The Third Circuit reversed the district court’s dismissal of the Section 2 complaint, holding that “[d]eceptive FRAND commitments . . . may result in [anticompetitive] harm” because they “obscur[e] the costs of including proprietary technology in a standard and increas[e] the likelihood that patent rights will confer monopoly power on the patent holder.”17 Additionally, the court found that the complaint sufficiently alleged a Section 2 injury to competition, reasoning that “even if Qualcomm’s WCDMA was the only candidate for inclusion in the standard, it still would not have been selected by the relevant [SSOs] absent a FRAND commitment,” thereby eliminating the possibility that the inclusion of WCDMA in the standard was unavoidable.18 Thus, the Third Circuit’s decision seems significantly different in its reasoning than the decision reached by the D.C. Circuit, which found that the inability to secure FRAND licensing does not by itself amount to an injury to the competitive process.19

Implications For Future Standard-Setting Activity

The apparent split in decisions between the D.C. Circuit in Rambus Inc. v. Federal Trade Commission and the Third Circuit in Broadcom Corp. v. Qualcomm Inc. leaves open the question of the level of anticompetitive conduct in an SSO setting necessary to establish antitrust causation through injury to competitive process. Interestingly, the D.C. Circuit, which was responsible for establishing flexible standards for reviewing anticompetitive conduct in United States v. Microsoft Corp.,20 embraced a seemingly rigid “but-for” antitrust causation analysis in Rambus Inc. v. Federal Trade Commission in evaluating suspect conduct by a patentee in the SSO setting. In contrast, in 2001, the en banc D.C. Circuit in Microsoft adopted a flexible standard that would find conduct that “reasonably appear[s] capable of making a significant contribution to . . . maintaining monopoly power” sufficient to establish competitive injury for a Section 2 monopolization claim.21 The D.C. Circuit, however, arguably jettisoned this flexible antitrust causation standard that it called “edentulous”22 in Microsoft in favor of a fairly rigid “but-for” approach in Rambus.23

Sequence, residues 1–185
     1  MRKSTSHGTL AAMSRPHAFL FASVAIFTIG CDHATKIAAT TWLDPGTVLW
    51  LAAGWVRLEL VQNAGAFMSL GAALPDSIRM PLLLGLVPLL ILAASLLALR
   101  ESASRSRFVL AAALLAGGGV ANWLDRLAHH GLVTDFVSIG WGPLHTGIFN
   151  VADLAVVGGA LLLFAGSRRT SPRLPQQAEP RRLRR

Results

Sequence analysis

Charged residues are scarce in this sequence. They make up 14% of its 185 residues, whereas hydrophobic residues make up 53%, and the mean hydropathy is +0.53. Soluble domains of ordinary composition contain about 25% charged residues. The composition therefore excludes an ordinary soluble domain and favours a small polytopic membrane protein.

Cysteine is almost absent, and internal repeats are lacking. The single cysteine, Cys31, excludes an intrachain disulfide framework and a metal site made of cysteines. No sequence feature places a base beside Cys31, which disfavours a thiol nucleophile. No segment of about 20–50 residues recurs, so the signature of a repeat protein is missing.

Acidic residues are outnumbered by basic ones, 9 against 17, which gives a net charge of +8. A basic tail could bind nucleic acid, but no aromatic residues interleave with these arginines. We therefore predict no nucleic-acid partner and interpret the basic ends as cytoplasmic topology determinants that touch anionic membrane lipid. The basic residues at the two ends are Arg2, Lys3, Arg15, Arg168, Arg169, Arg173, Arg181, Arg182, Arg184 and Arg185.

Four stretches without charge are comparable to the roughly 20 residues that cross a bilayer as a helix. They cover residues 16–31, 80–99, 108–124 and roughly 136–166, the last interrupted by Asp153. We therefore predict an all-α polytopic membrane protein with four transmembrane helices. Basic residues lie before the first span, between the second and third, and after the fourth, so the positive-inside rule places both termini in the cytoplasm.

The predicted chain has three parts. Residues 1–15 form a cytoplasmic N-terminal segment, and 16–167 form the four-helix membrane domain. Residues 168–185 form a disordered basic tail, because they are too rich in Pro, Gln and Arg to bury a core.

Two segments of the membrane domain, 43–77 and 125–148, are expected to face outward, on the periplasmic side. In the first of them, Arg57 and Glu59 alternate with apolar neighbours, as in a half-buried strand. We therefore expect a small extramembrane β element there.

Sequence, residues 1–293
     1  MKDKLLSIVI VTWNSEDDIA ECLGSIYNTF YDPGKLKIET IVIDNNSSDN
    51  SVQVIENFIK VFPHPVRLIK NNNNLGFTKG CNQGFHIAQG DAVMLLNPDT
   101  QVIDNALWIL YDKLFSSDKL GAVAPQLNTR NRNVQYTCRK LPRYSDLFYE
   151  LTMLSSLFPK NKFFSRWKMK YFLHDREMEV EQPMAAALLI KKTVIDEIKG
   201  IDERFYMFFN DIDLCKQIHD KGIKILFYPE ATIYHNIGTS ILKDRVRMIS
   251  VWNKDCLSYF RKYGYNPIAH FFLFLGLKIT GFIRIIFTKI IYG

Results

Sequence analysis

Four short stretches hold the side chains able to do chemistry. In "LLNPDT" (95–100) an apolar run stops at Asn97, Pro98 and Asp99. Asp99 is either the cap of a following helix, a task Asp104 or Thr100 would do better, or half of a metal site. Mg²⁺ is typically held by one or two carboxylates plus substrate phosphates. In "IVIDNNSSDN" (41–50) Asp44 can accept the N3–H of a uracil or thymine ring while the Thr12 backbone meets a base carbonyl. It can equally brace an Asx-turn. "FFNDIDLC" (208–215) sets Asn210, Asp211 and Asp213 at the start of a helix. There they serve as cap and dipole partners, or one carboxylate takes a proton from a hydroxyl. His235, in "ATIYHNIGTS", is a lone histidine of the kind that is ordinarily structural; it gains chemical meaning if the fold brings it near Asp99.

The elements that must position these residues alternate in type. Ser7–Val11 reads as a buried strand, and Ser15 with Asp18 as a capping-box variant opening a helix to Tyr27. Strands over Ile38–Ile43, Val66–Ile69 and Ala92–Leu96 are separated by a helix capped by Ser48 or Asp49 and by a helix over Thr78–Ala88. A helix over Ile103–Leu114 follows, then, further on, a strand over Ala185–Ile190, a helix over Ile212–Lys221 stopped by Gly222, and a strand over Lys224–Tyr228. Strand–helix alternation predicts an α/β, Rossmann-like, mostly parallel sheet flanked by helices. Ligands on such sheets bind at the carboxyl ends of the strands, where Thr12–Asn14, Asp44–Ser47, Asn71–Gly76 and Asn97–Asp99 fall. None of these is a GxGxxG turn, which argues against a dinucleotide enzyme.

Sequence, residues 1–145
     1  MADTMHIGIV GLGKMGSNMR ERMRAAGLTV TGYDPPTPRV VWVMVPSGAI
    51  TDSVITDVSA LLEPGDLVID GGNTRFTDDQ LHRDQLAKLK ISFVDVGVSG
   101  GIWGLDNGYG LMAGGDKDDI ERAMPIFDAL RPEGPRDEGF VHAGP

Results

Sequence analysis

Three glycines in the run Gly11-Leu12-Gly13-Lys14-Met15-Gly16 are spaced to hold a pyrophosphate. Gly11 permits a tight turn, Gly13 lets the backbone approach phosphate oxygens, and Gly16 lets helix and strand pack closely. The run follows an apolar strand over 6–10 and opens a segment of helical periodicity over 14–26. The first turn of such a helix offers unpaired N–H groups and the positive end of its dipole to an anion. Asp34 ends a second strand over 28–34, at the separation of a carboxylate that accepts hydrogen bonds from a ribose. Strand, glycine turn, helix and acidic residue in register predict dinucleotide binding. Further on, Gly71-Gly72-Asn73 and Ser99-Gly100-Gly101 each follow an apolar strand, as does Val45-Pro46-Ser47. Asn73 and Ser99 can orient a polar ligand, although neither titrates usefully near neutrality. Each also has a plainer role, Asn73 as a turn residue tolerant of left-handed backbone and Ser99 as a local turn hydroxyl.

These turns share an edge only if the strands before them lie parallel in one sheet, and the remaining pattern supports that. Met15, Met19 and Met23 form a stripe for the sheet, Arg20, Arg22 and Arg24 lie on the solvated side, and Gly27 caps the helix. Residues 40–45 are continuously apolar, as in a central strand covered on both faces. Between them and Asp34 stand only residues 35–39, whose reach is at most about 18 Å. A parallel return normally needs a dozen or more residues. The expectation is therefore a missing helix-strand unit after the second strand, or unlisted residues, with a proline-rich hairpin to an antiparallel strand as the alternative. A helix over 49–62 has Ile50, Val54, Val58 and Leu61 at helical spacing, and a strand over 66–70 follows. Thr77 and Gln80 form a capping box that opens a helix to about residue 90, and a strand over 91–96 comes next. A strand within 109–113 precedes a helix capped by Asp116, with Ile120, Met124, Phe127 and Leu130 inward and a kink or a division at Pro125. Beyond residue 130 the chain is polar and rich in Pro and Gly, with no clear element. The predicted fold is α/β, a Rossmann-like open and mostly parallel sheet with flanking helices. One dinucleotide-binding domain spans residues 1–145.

Given the uncertain landscape for antitrust causation, entities that wish to engage in standard-setting activity should have competent legal counsel review the intellectual property rights policies of respective SSOs and their associated membership agreements and undertakings to determine whether the entity may be exposed to future antitrust liability. This is especially important in cases in which the standard-setting activity involves the selection of one among many mutually-exclusive technologies as the de facto standard. As often is the case, participation in SSOs may involve employees who do not act in an executive or managerial capacity, or have high levels of awareness as to potential legal implications of such participation. Instead, these individuals are often scientists, engineers or experts in their field. In light of this fact, it is advisable that companies implement policies requiring employees who are typically disconnected from company decision-makers to report standard-setting activity affecting the entity’s business to the appropriate legal officers within the company so that the entity can evaluate its obligations under the SSO and assess its potential exposure to antitrust or other adverse legal liability.

While the courts work to resolve their somewhat-conflicting views of the level of activity required to establish antitrust causation, standard-setting participants should generally avoid activity that could be seen as even contributing to injuring the competitive process, and should regularly consult with counsel regarding any apparent policies associated with SSO activity or membership.